A SSL VPN, on the other hand, requires Java or ActiveX downloads to facilitate access to non-web enabled applications which can become a problem if a firewall is configured to block these controls (Kilpatrick, 2007). Having direct access only to web-enabled SSL applications prevents users from accessing network resources such as printers or centralized storage and from using the VPN for file sharing or file backups (Bradley).
IPSec is still the preferred method for site-to-site VPNs because either IPSec or SSL requires a gateway and because many SSL vendors dont currently offer site-to-site connections (Greene, 2007).
There are a number of factors to consider when choosing between an IPSec and a SSL VPN. A SSL VPN is likely to meeting the needs of a small number of users connecting to a small number of applications. Security, scalability, interoperability and site-to-site connectivity requirements, however, require a closer examination of the pros and cons of each approach with the realization that SSL VPNs will be easer to manage and administer provided that its shortcomings are acceptable or can be overcome with additional technologies.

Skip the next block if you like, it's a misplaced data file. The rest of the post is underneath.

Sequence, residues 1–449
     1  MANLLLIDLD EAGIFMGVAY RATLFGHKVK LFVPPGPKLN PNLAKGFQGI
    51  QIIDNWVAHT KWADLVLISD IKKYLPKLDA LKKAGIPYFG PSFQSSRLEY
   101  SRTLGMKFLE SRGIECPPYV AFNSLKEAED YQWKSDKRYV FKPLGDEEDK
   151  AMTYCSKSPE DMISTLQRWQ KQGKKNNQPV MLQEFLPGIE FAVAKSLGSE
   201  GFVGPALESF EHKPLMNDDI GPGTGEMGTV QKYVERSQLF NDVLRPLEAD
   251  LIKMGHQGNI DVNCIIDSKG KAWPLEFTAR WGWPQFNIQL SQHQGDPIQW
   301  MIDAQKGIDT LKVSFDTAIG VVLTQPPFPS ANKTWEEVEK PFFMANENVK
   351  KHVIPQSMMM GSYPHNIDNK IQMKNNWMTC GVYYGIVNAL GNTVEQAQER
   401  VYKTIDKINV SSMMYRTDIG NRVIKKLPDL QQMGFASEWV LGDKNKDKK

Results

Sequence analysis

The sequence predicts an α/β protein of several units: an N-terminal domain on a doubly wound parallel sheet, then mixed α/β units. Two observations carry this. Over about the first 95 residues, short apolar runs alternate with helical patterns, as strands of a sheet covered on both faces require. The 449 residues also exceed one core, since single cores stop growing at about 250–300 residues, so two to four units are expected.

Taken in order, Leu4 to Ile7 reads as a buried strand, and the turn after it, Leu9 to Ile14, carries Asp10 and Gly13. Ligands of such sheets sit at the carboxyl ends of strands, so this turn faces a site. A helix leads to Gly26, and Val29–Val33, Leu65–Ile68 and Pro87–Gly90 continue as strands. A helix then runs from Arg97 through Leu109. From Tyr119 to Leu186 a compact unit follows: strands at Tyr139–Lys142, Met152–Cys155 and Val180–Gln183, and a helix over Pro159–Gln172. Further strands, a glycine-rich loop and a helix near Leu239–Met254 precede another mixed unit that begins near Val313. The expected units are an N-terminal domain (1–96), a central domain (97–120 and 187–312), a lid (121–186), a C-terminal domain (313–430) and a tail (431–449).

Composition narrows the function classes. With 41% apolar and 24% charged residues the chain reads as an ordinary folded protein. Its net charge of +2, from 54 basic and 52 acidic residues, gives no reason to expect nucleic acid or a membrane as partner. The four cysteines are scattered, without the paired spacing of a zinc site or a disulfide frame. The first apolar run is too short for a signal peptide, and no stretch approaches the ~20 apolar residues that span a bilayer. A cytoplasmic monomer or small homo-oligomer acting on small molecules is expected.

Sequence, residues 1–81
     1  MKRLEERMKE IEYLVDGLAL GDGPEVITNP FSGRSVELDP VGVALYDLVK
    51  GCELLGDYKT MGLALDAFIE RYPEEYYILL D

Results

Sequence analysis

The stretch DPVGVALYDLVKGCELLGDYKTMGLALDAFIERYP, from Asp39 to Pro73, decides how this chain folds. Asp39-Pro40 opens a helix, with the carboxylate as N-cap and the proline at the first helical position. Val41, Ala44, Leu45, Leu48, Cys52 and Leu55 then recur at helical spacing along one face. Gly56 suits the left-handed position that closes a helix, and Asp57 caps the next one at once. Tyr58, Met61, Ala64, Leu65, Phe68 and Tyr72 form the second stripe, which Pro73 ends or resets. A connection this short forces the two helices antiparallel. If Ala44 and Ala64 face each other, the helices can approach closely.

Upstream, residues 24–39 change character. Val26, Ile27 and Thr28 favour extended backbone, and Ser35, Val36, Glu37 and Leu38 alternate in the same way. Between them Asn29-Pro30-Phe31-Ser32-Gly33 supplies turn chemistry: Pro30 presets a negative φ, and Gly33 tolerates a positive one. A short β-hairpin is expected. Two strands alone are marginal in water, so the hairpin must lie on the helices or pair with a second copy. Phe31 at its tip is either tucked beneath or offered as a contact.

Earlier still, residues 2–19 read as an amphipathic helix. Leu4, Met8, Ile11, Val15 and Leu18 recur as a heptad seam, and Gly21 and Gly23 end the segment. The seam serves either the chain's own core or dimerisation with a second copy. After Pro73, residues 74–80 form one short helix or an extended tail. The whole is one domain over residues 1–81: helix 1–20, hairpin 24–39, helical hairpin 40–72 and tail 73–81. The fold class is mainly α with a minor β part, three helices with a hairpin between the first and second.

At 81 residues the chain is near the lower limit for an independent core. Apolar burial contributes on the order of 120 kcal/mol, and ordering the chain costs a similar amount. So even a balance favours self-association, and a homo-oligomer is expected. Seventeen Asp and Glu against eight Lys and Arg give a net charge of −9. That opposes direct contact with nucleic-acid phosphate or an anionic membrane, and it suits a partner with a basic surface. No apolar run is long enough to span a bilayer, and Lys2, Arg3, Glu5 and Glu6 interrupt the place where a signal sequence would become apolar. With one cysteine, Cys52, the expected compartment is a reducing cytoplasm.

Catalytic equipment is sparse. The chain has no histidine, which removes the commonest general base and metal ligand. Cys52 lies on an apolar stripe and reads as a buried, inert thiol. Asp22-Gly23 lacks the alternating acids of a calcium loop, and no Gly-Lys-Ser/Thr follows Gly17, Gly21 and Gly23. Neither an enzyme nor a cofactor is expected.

However, SSL VPN technology is rapidly advancing, and progress should be closely monitored.
Advantages and disadvantages of IPSec. http://nislab.bu.edu/sc546/sc441Spring2003/ip_sec/a&D.htm
All about SSL VPN. http://www.vpntools.com/vpntools_articles/about-sslvpn.htm
Bradley, T. VPNs: IPSec vs. SSL. About.com: Internet/Network Security: http://netsecurity.about.com/cs/generalsecurity/a/aa111703.htm
Greene, T. (2007, October 26). IPSec vs. SSL VPNs. Network World. http://www.networkworld.com/news/2007/102607-arguments-ipsec-ssl.html?fsrc=rss-security
Kilpatrick, I. (2007, April 9). The rise of SSL VPNs. NetWorkNewz. http://www.networknewz.com/networknewz-10-20070409TheRiseofSSLVPNS.html.